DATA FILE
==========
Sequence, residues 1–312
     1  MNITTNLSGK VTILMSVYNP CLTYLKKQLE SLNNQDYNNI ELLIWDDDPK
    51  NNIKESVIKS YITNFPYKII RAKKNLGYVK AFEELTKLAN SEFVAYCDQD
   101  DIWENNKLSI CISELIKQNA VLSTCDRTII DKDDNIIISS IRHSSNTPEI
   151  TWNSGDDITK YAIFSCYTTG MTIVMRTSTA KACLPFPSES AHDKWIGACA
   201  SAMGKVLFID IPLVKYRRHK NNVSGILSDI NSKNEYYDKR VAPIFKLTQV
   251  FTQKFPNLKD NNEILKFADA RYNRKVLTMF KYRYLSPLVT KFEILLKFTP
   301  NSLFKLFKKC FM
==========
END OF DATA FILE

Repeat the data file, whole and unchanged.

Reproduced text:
Sequence, residues 1–312
     1  MNITTNLSGK VTILMSVYNP CLTYLKKQLE SLNNQDYNNI ELLIWDDDPK
    51  NNIKESVIKS YITNFPYKII RAKKNLGYVK AFEELTKLAN SEFVAYCDQD
   101  DIWENNKLSI CISELIKQNA VLSTCDRTII DKDDNIIISS IRHSSNTPEI
   151  TWNSGDDITK YAIFSCYTTG MTIVMRTSTA KACLPFPSES AHDKWIGACA
   201  SAMGKVLFID IPLVKYRRHK NNVSGILSDI NSKNEYYDKR VAPIFKLTQV
   251  FTQKFPNLKD NNEILKFADA RYNRKVLTMF KYRYLSPLVT KFEILLKFTP
   301  NSLFKLFKKC FM